Erhan Tamur

Undergraduate Discipline

Art History

BA, Bogaziçi (Bosphorus) University. MA, Freie Universität Berlin. MA, MPhil, PhD, Columbia University. Special interests in ancient Mesopotamian, Anatolian, and Egyptian art, art historical and archaeological theory, politics of archaeology and museology. Currently Andrew W. Mellon Postdoctoral Curatorial Fellow (2022-24) at The Metropolitan Museum of Art; co-curator of “She Who Wrote: Enheduanna and Women of Mesopotamia (3400-2000 BC)” at the Morgan Library and Museum in New York. Articles published in Res: Anthropology and Aesthetics, Forum Kritische Archäologie, and The Journal of the Ottoman and Turkish Studies Foundation; co-author of She Who Wrote (New York, 2022); current book project, titled Site-Worlds: Art, Politics, and Time In and Beyond Tello (Ancient Girsu), under contract with the University of Chicago Press. Recipient of fellowships from the Center for Advanced Study in the Visual Arts (CASVA) of the National Gallery of Art in Washington DC, The Metropolitan Museum of Art, The Sakip Sabanci Center for Turkish Studies, and the German Academic Exchange Service (DAAD). SLC, 2023–

Previous Courses

Art History

The Votive: Art and Religion in Ancient Mesopotamia and the Modern Museum

Sophomore and Above, Seminar—Spring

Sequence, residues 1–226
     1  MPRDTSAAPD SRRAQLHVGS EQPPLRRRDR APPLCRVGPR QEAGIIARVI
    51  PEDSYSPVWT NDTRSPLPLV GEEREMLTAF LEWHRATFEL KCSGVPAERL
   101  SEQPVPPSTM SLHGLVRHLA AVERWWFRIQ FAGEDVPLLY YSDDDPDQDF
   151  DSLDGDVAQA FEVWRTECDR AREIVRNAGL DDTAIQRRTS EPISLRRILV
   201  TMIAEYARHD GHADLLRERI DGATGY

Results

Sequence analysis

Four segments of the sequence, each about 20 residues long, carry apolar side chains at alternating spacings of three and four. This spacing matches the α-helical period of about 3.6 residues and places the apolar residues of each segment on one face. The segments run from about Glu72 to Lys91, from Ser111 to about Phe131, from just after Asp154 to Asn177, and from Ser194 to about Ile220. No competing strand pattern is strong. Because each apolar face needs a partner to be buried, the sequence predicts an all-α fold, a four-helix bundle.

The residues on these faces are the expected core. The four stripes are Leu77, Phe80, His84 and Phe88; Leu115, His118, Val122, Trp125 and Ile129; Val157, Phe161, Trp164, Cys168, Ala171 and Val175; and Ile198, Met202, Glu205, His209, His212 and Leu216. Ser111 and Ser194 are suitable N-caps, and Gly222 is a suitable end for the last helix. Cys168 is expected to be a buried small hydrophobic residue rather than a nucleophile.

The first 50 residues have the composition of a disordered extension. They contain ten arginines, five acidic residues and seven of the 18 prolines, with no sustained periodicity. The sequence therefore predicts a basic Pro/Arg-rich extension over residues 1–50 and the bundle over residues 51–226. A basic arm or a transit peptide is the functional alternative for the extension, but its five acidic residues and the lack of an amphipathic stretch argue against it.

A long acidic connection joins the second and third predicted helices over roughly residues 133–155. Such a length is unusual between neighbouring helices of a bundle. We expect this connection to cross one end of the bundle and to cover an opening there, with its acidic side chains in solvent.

What does it mean to create artworks out of exquisite materials and with painstaking artistry only to leave them out of sight for eternity? This seminar will focus on the votive—the practice of dedicating or offering an object to a deity. In ancient Mesopotamia, where the first-known cities and religious centers were established, votive objects constituted a foundational genre of artistic production. Following an overview of ancient Mesopotamian deities, temples, and religious practices, we will examine the ways in which people of various backgrounds engaged with the divine through votive objects. In addition to close visual analyses of individual works of art and architecture across three millennia, we will pay special attention to the social, political, and economic contexts of votive offerings. Finally, we will turn to modern engagements with ancient votive objects by investigating the intricacies of curating and displaying them in museum settings. This aspect will lead us to examine the role of archaeological and anthropological thought in the formation of the modern “universal” museum. This course will include sessions at The Metropolitan Museum of Art and The Morgan Library & Museum.